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A Cool Look At Rejected Posters From Classic Hollywood Films
June 3, 2013
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If you're a film buff, you know that a great movie poster just adds to the entire experience of a classic film.

Kind of like an awesome album cover can make an amazing record that much more iconic and memorable.

Well, in this post, we're taking a look at several movie posters for iconic films that never made the cut. It's a neat glimpse into the thinking of the artists behind the posters as well as a chance to judge whether the actual poster is the best.

For instance, the one at the top is a rejected poster for the classic Al Pacino film 'Dog Day Afternoon'. Below is the one the studio went with.

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All of these images are from an online gallery put together by the website Daybees - featuring rejected posters for famous films such as 'The Exorcist', 'Batman' and 'Casablanca'.

In fact, some of the posters in the exhibition have never been seen publicly before.

Several of the high-profile works are by Bill Gold, a 70-year veteran of the business.

At age 21, Gold was hired by Warner Brothers to design a poster the Humphrey Bogart/Ingrid Bergman classic, 'Casablanca'.

The studio rejected his work, which featured a downcast Bergman gazing at Bogey, with the actor in the foreground.

Gold, who no longer has the artwork, tells The Guardian, "I thought it was quite good, quite strong. But they thought it was too static, they wanted more action. I didn't have time to change it much, so I just stuck Bogey's hand in the front and put a gun in it - and they liked that, they thought the gun was just fine."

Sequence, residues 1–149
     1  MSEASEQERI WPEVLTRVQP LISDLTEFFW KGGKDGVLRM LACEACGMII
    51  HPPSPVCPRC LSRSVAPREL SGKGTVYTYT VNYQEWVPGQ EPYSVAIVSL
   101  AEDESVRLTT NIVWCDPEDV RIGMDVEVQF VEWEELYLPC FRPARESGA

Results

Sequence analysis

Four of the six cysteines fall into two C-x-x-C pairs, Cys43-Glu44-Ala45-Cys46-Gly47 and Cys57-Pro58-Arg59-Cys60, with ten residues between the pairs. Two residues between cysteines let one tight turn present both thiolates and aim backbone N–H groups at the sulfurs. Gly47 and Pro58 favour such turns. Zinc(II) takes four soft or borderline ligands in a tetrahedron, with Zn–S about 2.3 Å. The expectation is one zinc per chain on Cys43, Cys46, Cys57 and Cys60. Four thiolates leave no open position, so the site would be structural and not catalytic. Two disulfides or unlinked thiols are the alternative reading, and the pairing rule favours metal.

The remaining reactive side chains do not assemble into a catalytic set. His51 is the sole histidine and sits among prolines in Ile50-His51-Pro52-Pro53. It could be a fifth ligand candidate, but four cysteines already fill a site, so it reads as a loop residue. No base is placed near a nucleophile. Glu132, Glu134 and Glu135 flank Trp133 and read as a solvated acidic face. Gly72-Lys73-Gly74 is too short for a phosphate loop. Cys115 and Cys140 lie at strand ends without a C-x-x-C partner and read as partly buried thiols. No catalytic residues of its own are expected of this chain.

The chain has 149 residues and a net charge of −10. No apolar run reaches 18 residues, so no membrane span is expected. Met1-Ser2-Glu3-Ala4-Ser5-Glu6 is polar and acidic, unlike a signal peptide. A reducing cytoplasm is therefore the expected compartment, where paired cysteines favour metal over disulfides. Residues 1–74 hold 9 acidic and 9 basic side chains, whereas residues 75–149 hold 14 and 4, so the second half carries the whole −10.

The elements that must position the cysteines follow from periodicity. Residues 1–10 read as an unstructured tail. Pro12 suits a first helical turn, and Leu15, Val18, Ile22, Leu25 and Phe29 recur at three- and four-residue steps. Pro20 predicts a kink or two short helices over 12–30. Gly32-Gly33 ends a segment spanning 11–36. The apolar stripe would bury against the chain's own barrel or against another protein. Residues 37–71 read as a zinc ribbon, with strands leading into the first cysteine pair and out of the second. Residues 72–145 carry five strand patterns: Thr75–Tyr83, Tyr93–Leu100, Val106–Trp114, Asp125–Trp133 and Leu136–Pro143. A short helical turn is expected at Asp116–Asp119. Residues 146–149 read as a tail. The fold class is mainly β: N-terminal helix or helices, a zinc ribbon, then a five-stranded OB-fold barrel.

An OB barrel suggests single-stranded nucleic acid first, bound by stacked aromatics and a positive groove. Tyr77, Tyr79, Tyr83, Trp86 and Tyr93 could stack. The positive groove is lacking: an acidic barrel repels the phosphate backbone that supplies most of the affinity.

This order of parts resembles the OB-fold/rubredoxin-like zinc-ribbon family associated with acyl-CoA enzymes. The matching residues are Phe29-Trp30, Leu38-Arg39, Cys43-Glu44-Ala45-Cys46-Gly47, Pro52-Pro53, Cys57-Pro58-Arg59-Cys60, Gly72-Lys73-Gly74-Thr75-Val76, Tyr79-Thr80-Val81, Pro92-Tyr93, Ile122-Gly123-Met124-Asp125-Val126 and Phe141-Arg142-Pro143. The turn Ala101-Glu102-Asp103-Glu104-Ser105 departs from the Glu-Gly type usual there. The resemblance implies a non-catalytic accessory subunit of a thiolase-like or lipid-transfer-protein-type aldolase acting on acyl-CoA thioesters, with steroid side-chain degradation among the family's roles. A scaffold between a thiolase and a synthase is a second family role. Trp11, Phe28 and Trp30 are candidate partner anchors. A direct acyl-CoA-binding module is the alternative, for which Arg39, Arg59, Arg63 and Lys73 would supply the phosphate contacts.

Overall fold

Gold has worked with a who's who of Hollywood, including Sir Laurence Olivier, Alfred Hitchcock, Elia Kazan, Ridley Scott and Stanley Kubrick.

Check out a couple of takes on Kubrick's 'A Clockwork Orange' below.

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To compare, here's the actual poster that was used.

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Gold says, of the hundreds of directors and actors he has worked with, his favourite is Clint Eastwood, with whom he worked for more than 30 years. "We liked each other, that's all," he said.

Gold retired in 2004 at 83, after finishing artwork for Clint's 'Mystic River'. Here's a rejected version.

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And here's the actual poster.

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James Verdesoto got his start when he won a national design contest after graduating from New York's Parsons School of Design. It was sponsored by the Weinstein Company and involved coming up with something for the 1981 horror flick, 'The Burning'.

To date, he's created more than 400 movie posters, notably, 'The Crying Game', 'The Piano', 'Pulp Fiction' and 'Ocean's 11'. The last two are both shown below - first the rejected poster, then the one that was used.

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Daybees describes the art as "a thrilling glimpse into the creative process and the stunning movie posters that nearly were..."

You can more movie posters including 'The Exorcist', 'Cool Hand Luke', ' Batman', and 'Unforgiven' on Daybees website.

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